Kings To Interview Walton; Messina Also On Their List

The Kings have formally requested an interview with Luke Walton, who parted ways with the Lakers on Friday, and also intend to request permission to interview Spurs assistant Ettore Messina for their vacant head coaching job, Marc Stein of the New York Times tweets. (Hat tip to USA Today’s Sam Amick).

Walton is reportedly GM Vlade Divac’s leading candidate for the job. Messina was a finalist for the Raptors’ job last season, which wound up going to Nick Nurse. He also met twice with the Bucks’ brass last season before Milwaukee chose Mike Budenholzer.

The Kings fired Dave Joerger on Thursday, even though they improved enough to win 39 games. Sixers assistant Monty Williams is also expected to get a long look from Divac.

The fact that Divac is already lining up interviews suggests he’d like to make the coaching hire quickly.

Latest On Bucks’ GM Search

Milwaukee will begin formal interviews for its open GM position on Monday, Adrian Wojnarowski of The Vertical reports.

The team has been granted permission to speak with Blazer assistant GM Bill Branch, Heat assistant GM Adam Simon, and Pistons assistant GM Pat Garrity, according to Wojnarowski.

The scribe adds that the Bucks have reached out to the Spurs assistant coach Becky Hammon about the opening. Hammon has been working under coach Gregg Popovich for three seasons.

Milwaukee previously reached out to Indiana and gained permission to speak with the team’s VP of basketball operations Peter Dinwiddie. Wojnarowski adds that the franchise also has permission to speak with Denver assistant GM Arturas Karnisovas, Grizzlies VP of player personnel Ed Stefanski and Hawks special advisor Wes Wilcox.

Justin Zanik, who is currently running the team as its assistant GM, remains a strong candidate for the position. Zanik is gathering “significant support” inside and outside the organization, Wojnarowski writes. He joined the team with the expectation that he would be the GM-in-waiting once John Hammond‘s contract expired. Hammond recently left the franchise to become Orlando’s GM.

Draft Combine Update: Friday Afternoon

The Celtics have a tentative workout scheduled with Duke small forward Brandon Ingram, a prime contender to become the No. 1 pick, reports Mark Murphy of the Boston Herald (Twitter link). The outcome of the lottery will determine whether it takes place, according to Murphy, and presumably, the Celtics will have to land one of the top two selections. Ingram is the top prospect in Jonathan Givony’s DraftExpress rankings and second in the listings Chad Ford of compiles.

See more draft news on day three of the combine:

  • Syracuse shooting guard Malachi Richardson and Kansas forward/center Cheick Diallo have told teams they’ve decided to stay in the draft rather than pull out by May 25th to retain their college eligibility, reports Chad Ford of (Twitter link).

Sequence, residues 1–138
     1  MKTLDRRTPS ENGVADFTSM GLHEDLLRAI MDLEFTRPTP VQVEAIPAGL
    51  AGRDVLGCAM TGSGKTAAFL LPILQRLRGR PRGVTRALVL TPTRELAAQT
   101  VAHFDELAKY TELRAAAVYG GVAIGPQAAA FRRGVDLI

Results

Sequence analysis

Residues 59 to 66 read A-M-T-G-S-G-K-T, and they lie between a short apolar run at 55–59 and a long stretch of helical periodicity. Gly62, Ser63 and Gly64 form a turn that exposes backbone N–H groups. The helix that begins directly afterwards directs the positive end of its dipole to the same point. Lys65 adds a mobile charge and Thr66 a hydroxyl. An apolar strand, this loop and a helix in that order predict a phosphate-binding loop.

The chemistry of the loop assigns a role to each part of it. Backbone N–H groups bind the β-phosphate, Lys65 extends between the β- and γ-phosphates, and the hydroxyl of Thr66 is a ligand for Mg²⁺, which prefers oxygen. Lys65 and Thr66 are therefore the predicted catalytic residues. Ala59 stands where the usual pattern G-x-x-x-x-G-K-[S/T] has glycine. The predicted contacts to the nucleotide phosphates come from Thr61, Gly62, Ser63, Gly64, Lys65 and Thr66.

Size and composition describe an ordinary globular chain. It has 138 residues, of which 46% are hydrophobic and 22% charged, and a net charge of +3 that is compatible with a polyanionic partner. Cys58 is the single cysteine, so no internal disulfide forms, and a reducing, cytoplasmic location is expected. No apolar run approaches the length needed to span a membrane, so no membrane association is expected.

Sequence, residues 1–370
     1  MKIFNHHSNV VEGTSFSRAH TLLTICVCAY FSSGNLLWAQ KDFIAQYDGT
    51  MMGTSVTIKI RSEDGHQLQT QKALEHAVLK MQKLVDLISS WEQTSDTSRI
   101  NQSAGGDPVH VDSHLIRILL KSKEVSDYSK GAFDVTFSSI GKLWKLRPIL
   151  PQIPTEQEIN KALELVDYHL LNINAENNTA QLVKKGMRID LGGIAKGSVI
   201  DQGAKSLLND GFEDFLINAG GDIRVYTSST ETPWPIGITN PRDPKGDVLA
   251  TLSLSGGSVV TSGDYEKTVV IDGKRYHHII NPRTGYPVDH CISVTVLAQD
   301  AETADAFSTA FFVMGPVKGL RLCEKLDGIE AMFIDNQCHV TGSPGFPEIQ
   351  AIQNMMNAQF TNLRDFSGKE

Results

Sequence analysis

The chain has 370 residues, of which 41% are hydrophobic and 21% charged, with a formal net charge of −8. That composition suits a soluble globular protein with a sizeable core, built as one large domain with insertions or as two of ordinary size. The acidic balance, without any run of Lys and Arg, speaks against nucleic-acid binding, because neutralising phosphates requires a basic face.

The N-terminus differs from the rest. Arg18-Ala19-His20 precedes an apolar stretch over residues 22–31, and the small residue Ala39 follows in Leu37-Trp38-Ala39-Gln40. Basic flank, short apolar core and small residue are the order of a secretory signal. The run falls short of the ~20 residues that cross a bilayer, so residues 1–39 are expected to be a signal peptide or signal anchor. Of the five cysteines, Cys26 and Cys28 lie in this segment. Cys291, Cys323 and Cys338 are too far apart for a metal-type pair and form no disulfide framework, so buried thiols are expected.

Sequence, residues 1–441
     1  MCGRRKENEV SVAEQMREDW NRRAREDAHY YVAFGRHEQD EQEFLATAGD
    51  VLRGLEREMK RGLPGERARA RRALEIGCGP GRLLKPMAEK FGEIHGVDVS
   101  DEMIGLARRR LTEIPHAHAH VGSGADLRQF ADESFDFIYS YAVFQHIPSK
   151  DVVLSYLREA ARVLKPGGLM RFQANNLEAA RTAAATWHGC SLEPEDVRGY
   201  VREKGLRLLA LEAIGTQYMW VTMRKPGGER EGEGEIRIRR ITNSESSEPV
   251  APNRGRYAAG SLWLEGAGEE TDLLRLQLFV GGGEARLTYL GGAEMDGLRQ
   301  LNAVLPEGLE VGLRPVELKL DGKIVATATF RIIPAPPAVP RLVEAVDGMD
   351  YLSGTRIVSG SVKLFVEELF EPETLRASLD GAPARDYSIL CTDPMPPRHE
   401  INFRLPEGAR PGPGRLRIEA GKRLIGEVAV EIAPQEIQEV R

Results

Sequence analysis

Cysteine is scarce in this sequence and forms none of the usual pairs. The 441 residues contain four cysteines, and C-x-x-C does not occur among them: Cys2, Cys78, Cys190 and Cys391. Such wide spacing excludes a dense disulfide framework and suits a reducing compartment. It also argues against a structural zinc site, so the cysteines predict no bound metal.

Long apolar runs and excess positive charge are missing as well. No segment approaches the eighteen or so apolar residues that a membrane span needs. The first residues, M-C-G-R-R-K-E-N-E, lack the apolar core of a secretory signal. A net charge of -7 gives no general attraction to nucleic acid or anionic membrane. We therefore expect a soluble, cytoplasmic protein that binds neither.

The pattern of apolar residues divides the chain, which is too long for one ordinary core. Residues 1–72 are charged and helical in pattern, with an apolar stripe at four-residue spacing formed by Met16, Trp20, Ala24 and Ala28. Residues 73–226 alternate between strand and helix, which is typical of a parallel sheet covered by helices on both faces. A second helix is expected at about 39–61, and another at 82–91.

• The Pacers, Warriors, Spurs, Wizards, Rockets and Mavericks are among the teams that have spoken with Syracuse swingman Michael Gbinije, tweets Adam Zagoria of
  • Notre Dame point guard Demetrius Jackson has interviewed with the Suns, Spurs, Kings, Trail Blazers and Bucks, observes Rod Beard of The Detroit News, who also cites Jackson’s previously reported interview with the Pistons.
  • Villanova shooting guard Josh Hart has worked out for the Clippers and has another workout scheduled with the Hawks on May 24th, as Zagoria relays. He’ll also work out for the Celtics and Spurs, and his previously reported workout with the Sixers takes place Monday, Zagoria reveals. The Knicks, Wizards, Thunder, Trail Blazers, Pacers, Grizzlies and Jazz interviewed Hart at the combine, according to Zagoria.
  • Purdue big man Caleb Swanigan has the Pistons, Hawks, Wizards and Suns among the teams on his interview list, Zagoria tweets.

Draft Combine Update: Friday Morning

Skal Labissiere‘s impressive private workout on Wednesday didn’t quite measure up to the hype, contends Chad Ford of in an Insider-only piece, who pegs the draft range for the Kentucky big man as No. 9 to No. 20. The Suns and Kings are among the teams Labissiere has interviewed with at the combine, tweets Adam Zagoria of, echoing previous reports about interviews with Philadelphia and New Orleans. Ford’s sources remain solidly in the camp of Ben Simmons over Brandon Ingram for the top overall pick, while it appears it’s a battle between Jamal Murray and Kris Dunn for the No. 3 pick, Ford hears. Still, no one had a more impressive combine showing Thursday than Cheick Diallo, a high second-round prospect, according to Ford. Both his strengths and weaknesses were on display, as Jonathan Givony and Mike Schmitz of DraftExpress detail. The Kansas center/forward says he’ll probably remain in the draft, as Adam Zagoria of details, adding the Warriors, Mavericks, Nets, Sixers, Knicks and Raptors to the list of teams he’s interviewing with at the combine.

See more updates as the combine continues:

  • The Lakers interviewed Ingram, notes Mark Medina of the Los Angeles Daily News.
  • The Bulls, Hawks, Kings, Spurs and Rockets are among the teams interviewing Cal swingman Jaylen Brown, as he told reporters and as Basketball Insiders relays in a video. Also on the list are Boston and Minnesota, as we passed along earlier.